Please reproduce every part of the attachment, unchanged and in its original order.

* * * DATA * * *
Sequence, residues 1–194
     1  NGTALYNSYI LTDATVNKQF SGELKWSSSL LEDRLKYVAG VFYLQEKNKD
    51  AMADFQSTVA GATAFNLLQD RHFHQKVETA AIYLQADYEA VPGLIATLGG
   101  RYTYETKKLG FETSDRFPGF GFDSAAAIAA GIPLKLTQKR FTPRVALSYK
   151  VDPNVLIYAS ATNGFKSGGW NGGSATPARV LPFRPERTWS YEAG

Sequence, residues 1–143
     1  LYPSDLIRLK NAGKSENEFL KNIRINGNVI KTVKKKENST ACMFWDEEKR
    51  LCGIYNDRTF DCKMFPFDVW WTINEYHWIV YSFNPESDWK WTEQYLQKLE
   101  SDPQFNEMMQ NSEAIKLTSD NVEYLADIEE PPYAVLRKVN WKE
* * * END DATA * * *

Sequence, residues 1–194
     1  NGTALYNSYI LTDATVNKQF SGELKWSSSL LEDRLKYVAG VFYLQEKNKD
    51  AMADFQSTVA GATAFNLLQD RHFHQKVETA AIYLQADYEA VPGLIATLGG
   101  RYTYETKKLG FETSDRFPGF GFDSAAAIAA GIPLKLTQKR FTPRVALSYK
   151  VDPNVLIYAS ATNGFKSGGW NGGSATPARV LPFRPERTWS YEAG

Sequence, residues 1–143
     1  LYPSDLIRLK NAGKSENEFL KNIRINGNVI KTVKKKENST ACMFWDEEKR
    51  LCGIYNDRTF DCKMFPFDVW WTINEYHWIV YSFNPESDWK WTEQYLQKLE
   101  SDPQFNEMMQ NSEAIKLTSD NVEYLADIEE PPYAVLRKVN WKE